   Has the work been done in a forensically sound
    manner?
   Could independent advice help in negotiating
    with opposing counsel, the court or the
    government regarding scope and cost issues?
   Have judgment calls been made? Will
    independent expert testimony be needed to
    support what has been done?
Managing Costs
   Narrowing the time frame
   Eliminating duplicate files
   Search by user or department
   Eliminate files by type
   Create a search term list
   Alternative methods of review and production
     – Native file review for relevance and/or privilege
     – Internet repository
     – Hybrid or all native file production
With Lawyers – Assured Success!
     Records Retention Issues
• Records are Corporate Assets – the Legacy of the
  Company
• Many statutes/regulations require record retention
• Records can bind the company and create liability
• Records includes documents, electronic files,
  maps, video tapes, diaries, notes and other
  examples
• Company records are not just those created or
  maintained in the office
   The Records Retention Policy
• Designed to Address the Retention and Destruction of
  Corporate Records
   – Observance of Retention Statutes and Regulations
   – Control of Costs Associated with Records
     Retention
   – Appropriate Method to Manage Risk
• Effective Records Retention Policies
   – Education
   – Uniform Observance
      The Retention System
• Company Records Should be In Retention System
• The Challenge of Electronic Records
• Challenge of Need for Documents Versus Policy
  Requirements
   – The policy is designed to incorporate
   – Documents kept for other uses
• The Retention Policy Should Incorporate Vital
  Records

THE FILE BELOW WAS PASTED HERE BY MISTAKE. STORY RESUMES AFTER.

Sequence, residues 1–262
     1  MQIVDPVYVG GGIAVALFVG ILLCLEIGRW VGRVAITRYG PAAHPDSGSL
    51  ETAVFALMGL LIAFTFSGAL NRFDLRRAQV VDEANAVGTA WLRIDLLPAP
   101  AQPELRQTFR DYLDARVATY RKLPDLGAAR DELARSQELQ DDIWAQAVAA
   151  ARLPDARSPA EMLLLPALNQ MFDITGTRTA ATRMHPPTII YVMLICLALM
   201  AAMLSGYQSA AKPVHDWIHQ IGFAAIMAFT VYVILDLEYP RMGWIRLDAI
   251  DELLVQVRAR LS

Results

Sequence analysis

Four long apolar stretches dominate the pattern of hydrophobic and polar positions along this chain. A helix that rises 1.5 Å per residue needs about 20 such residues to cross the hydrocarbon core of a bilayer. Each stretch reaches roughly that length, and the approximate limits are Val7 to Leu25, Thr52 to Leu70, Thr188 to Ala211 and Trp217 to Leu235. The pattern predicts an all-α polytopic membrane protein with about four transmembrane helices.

• Records Subject To Litigation are Retained
      Records Retention Issues
• Enforce The Records Retention Program
   – Compliance is the key to enforceability
   – Discard documents pursuant to policy
• Rely on Records Custodian to be responsible for
  documents
   – That is their job
   – Don’t volunteer to be a witness in a lawsuit
• Protect Privileges
• Think Before Creating Records
  Test for Records Retention –
      The Legal Standard
  If the Company knows or should have known that
 the documents or information in its possession
 may become material in the future and is relevant
 to potential litigation, there is an affirmative duty
 to retain that information
• Always Consult Counsel
Sometimes its Hard to Tell




    • “Would every
   EMERGING PRINCIPLES OF
     RECORDS RETENTION
• Records Management is no longer
  the sole province of file clerks
• Corporations must consider policies
  to address the management of
  records and circumstances when
  records must be retained
• Records Retention policies include
  provisions for appropriate
  destruction of records
The Supreme Court Has Affirmed the Role
 of Records Retention Policies in Purging
               Documents
“[d]ocument retention policies,’ which are
created in part to keep certain information
from getting into the hands of others,
including the Government, are common in
business. [citation omitted] It is, of
course, not wrongful for a manager to
instruct his employees to comply with a
valid document retention policy under
ordinary circumstances.”
        Electronic Records
• Obligation to Suspend automatic deletion
• Suspension of backup recycling
• Forensic backups/network images
  – Normal backups not always sufficient
  – Forensic programs such as Encase.